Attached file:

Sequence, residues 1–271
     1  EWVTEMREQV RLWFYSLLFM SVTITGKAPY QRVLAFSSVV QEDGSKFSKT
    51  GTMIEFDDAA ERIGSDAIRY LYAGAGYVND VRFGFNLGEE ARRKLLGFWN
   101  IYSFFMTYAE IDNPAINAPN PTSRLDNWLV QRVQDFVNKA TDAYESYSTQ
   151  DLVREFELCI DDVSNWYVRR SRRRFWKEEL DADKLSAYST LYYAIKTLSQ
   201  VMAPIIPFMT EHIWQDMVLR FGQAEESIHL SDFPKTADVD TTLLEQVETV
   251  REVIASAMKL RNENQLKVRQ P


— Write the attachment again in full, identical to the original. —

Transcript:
Sequence, residues 1–271
     1  EWVTEMREQV RLWFYSLLFM SVTITGKAPY QRVLAFSSVV QEDGSKFSKT
    51  GTMIEFDDAA ERIGSDAIRY LYAGAGYVND VRFGFNLGEE ARRKLLGFWN
   101  IYSFFMTYAE IDNPAINAPN PTSRLDNWLV QRVQDFVNKA TDAYESYSTQ
   151  DLVREFELCI DDVSNWYVRR SRRRFWKEEL DADKLSAYST LYYAIKTLSQ
   201  VMAPIIPFMT EHIWQDMVLR FGQAEESIHL SDFPKTADVD TTLLEQVETV
   251  REVIASAMKL RNENQLKVRQ P